Guilderland school district voters passed the proposed $92.13 million budget, along with a separate proposition to purchase seven new buses and a maintenance plow truck for almost $1 million.
Approximately 66 percent of voters on Tuesday, May 20, supported Guilderland Central School District’s proposed 2014-15 budget, with 1,735 voting in s and 900 opposed, according to unofficial results. The budget holds a property tax levy increase of 1.94 percent, which is $12,500 below the district’s tax cap limit.
Tax rates for Guilderland residents are projected to increase the same as the property tax levy, according to the district.
Superintendent of Schools Marie Wiles could not be reached for comment.
Voter turnout dropped about 150 people compared to last year’s budget vote. This year’s margin of approval was similar to last year, with about 65 percent in favor. The 2013-14 budget did hold a larger property tax levy increase at 3.39 percent, but was also within the district’s tax cap.
Over the past decade, fewer than 3,500 on average annually have cast a ballot, according to the district. This represents less than 15 percent of eligible voters on average actually voting. This year’s turnout fell significantly below that average, with approximately 2,635 people voting, according to unofficial results.
There are 33.85 full-time equivalent positions cut in the budget, which include 8.5 FTE classroom and special education positions, 9.15 FTE teaching assistant positions and 16.2 FTE support staff positions districtwide.
School board members did include 5 FTE unassigned teaching positions in the budget, which district administrators have discretion to allocate based on need.
Music Department teachers have lobbied the district administrators to allocate 0.25 FTE from the unassigned teachers, which would nearly restore the budgeted cut of 0.3 FTE. The teachers claim meeting the needs of students would be difficult after the cut.
“The decision to cut the program is based on inaccurate data and should be reexamined, with both the music supervisor and the staff for clarification,” music teacher Diana Ackner previously said.
Vehicle purchase, board results
District voters also approved purchasing six 66-passenger buses for $694,000, a 66-passenger bus with chains for $120,000, a full-size wheelchair bus for $145,000 and a $36,000 maintenance truck. State aid would cover about 50 percent of the $995,000 purchase, according to district officials.
There were 1,642 votes in favor of the vehicle purchase proposition and 959 voting against it.
State aid would cover about 50 percent of the $995,000 purchase, according to district officials.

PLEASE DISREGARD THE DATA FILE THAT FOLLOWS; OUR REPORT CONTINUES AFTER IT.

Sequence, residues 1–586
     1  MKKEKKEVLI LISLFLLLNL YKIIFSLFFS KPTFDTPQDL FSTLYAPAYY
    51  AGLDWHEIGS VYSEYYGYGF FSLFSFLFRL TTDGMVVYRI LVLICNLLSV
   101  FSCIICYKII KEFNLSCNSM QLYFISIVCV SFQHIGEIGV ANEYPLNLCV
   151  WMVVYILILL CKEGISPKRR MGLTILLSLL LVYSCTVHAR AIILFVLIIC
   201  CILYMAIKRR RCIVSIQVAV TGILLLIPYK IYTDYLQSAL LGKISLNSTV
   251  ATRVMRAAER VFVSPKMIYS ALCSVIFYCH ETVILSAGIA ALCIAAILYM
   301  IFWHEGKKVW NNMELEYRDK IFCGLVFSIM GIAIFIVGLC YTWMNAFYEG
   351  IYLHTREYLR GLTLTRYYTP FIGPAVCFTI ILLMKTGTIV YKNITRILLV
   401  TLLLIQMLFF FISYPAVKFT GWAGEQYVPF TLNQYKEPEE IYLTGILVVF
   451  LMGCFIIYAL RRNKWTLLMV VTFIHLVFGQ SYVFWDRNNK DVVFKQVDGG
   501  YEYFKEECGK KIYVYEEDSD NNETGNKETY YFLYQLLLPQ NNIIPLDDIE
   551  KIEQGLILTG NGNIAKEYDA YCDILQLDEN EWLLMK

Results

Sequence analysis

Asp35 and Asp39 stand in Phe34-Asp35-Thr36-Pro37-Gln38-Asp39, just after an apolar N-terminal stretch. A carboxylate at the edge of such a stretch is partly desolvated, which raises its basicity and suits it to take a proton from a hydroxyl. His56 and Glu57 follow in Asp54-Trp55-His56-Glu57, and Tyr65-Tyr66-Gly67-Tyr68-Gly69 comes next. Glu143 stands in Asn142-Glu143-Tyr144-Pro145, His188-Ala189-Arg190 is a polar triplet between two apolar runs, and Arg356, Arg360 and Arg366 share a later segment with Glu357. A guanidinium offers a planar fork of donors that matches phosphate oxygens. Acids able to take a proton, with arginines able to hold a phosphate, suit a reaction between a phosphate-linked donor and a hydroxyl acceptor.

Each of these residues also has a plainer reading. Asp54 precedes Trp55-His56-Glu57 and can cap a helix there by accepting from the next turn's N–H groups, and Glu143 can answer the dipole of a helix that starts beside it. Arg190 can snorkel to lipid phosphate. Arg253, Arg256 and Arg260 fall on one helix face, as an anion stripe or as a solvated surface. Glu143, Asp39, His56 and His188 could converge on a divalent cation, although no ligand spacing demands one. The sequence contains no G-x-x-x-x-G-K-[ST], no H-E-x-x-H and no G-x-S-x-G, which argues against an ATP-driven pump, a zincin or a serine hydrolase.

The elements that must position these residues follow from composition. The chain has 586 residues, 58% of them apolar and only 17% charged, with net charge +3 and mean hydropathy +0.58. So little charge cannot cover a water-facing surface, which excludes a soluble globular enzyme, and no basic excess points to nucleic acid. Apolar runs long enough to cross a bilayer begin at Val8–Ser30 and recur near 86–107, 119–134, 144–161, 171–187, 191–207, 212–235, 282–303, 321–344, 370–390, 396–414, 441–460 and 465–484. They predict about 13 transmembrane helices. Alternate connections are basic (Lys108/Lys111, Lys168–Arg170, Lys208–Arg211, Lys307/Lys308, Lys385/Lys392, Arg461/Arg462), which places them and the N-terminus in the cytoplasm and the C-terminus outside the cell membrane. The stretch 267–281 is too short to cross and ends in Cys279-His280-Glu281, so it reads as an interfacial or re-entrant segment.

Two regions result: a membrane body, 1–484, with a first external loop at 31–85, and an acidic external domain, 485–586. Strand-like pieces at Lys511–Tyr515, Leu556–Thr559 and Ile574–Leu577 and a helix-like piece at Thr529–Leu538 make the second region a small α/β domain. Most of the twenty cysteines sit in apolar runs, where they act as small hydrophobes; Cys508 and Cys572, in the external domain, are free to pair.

Three school board members were also elected to a three-year term in an uncontested race. Incumbents Judy Slack and Allan Simpson respectively received 1,856 and 1803 votes, and newcomer Chris McManus fell in between at 1,839 votes.
Slack and Simpson were both re-elected to their third three-year term. Simpson works as the director of accounting operations for the New York State Insurance Fund. Slack is retired and worked as a teaching assistant for 24 years at from Lynnwood Elementary School.
McManus is the associate budget examiner for the economics and revenue unit of the state Division of Budget. He has lived in the district for two years, with his wife and two children.
Library budget, trustees results
Voters passed Guilderland Public Library’s 2014-15 budget totaling $3.54 million by a margin of 1545 to 1047. The library’s budget increases spending by almost $50,000, or 1.42 percent.
The library’s budget holds a 1.8 percent property tax levy increase, which represents a $62,300 increase, and totals almost $3.44 million.
“I was very pleased that the library budget passed by a healthy margin,” Guilderland Public Library Director Tim Wiles said. “I understand that it’s a little bit better margin than we passed last year. I think we enjoy a nice level of support at this point and time, and hope to pass by a wider margin in the future.”
This was the first library budget vote for Wiles, who took over leadership in January. He said the budget development process was a “great exercise” in prioritizing services, collections and “doing the best” with a budget during tight economic times.
Part of the library’s spending increase was from board members allocated $90,000 towards a newly established a capital reserve fund, which will be used towards anticipated maintenance needs.
Spending reductions were included in portions of the budget, with the largest reduction coming from salary and benefits decreasing $56,700 and totaling almost $2.57 million.
Voters also elected four Library Board of Trustees members out of five candidates, with two incumbents and two new faces securing a seat.
Carolyn Williams, a newcomer, received the most votes at 1,449, according to unofficial results, with longtime board member Barbara Fraterrigo falling close at 1,426 votes. Karen Carpenter Palumbo, another newcomer, received 1,388 votes and incumbent Robert Feller received 1,300 votes.
Carroll Valachovic was not elected and received 1,233 votes, according to unofficial results. Valachovic served as trustee from 2007 to 2012 and was tapped to fill a vacancy from September 2013 to June 30 of this year. She also ran as a write-in candidate in 2012 and lost.